Here is a list of frequently asked questions about the project. For information about the owners and operators of the plant, and the plans behind it, please visit https://lostocksep.fccenvironment.co.uk/.

About Lostock SEP

01. What is the Lostock Sustainable Energy Plant (Lostock SEP)?

The Lostock SEP is an energy from waste (EfW) facility located at the Lostock Works site near Northwich in Cheshire. 

It will recover energy from approximately 600,000 tonnes per year of refuse-derived fuel (RDF). RDF is residual waste left over after reusable and recyclable material has been removed. The facility will generate enough renewable electricity to power the equivalent of around 125,000 homes per year. 

The site of Lostock SEP has hosted industrial manufacturing activity for more than 100 years.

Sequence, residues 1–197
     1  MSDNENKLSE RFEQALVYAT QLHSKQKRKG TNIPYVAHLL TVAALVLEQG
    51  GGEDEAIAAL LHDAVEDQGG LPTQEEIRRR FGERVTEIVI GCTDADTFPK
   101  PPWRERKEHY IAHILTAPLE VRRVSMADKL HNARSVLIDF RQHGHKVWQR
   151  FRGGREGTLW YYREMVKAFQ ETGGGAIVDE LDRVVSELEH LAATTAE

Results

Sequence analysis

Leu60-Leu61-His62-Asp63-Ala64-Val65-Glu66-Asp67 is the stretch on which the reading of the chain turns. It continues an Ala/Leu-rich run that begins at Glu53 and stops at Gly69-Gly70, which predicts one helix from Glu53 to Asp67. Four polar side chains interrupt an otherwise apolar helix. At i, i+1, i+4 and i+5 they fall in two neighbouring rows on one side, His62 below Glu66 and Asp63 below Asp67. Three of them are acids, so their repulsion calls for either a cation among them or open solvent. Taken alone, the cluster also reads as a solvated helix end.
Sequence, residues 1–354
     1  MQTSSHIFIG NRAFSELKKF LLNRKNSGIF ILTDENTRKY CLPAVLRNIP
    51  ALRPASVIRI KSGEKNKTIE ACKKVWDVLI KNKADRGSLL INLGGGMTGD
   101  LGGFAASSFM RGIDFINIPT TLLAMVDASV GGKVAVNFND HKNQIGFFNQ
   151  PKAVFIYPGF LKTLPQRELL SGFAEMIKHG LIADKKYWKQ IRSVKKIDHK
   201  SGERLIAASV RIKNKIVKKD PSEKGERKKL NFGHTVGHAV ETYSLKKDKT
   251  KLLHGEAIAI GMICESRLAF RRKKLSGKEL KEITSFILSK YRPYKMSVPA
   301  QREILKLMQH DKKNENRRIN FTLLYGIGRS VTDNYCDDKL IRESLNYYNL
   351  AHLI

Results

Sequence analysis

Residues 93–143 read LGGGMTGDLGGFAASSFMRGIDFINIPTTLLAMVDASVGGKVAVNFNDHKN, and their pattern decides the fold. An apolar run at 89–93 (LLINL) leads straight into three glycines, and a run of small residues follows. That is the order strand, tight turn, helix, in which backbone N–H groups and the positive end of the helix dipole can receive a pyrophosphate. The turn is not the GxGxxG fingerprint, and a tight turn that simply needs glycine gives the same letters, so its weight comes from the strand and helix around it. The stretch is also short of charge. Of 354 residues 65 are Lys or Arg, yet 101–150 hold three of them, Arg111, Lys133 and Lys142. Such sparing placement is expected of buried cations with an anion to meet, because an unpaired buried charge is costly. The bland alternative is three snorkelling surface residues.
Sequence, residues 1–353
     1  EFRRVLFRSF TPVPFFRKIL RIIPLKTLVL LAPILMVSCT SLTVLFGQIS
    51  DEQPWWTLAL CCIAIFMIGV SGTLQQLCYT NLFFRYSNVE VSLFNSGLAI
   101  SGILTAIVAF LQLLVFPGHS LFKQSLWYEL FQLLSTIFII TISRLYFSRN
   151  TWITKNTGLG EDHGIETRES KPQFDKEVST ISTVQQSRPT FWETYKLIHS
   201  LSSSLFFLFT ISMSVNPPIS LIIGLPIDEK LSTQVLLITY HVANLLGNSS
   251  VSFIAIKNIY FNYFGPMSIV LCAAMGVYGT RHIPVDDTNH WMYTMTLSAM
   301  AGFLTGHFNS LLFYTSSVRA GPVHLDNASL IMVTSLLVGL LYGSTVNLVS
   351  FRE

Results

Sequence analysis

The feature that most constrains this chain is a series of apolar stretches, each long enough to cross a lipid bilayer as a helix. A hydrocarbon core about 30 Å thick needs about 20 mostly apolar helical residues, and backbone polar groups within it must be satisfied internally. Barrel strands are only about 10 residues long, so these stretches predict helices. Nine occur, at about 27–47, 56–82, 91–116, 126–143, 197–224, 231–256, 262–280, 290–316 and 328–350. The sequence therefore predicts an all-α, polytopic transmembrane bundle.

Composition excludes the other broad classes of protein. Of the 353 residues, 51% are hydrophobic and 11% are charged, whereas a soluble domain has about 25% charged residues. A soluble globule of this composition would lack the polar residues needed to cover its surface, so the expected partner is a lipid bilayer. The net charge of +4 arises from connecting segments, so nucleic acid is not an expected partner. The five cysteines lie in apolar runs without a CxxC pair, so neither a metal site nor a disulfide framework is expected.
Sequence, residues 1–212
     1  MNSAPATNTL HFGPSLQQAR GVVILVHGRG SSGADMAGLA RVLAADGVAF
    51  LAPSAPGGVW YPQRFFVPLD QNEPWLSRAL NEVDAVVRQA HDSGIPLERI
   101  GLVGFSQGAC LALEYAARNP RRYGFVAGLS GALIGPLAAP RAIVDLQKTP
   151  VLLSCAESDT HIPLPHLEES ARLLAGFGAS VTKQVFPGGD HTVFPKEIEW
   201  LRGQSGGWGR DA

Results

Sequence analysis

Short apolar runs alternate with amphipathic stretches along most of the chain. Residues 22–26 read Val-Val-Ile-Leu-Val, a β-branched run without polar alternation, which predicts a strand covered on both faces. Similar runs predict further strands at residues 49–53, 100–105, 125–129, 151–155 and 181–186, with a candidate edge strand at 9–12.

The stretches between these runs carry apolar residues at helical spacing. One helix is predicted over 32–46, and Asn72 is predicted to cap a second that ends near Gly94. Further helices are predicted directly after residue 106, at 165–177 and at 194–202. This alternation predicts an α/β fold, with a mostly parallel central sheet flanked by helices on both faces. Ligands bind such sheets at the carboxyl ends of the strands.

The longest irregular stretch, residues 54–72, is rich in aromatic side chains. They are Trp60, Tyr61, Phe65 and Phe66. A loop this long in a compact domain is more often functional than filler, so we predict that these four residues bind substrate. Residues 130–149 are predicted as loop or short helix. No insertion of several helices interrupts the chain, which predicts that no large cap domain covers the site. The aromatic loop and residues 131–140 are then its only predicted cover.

02. What are the benefits of Lostock SEP?

Lostock SEP is an EfW plant that will recover energy safely and cleanly, from residual waste.

There are four main benefits:

  • Reduce landfill: the plant will divert residual waste away from landfill, which is an unsustainable and environmentally damaging way of managing waste.
  • Renewable energy: Lostock SEP will produce renewable electricity constantly so it is not intermittent, like solar and wind power.
  • Generate power: it will generate renewable electricity to provide power to the equivalent of around 125,000 homes.
  • It is a clean, safe way of treating waste that cannot be economically or practically recycled, and displaces the use of fossil fuel.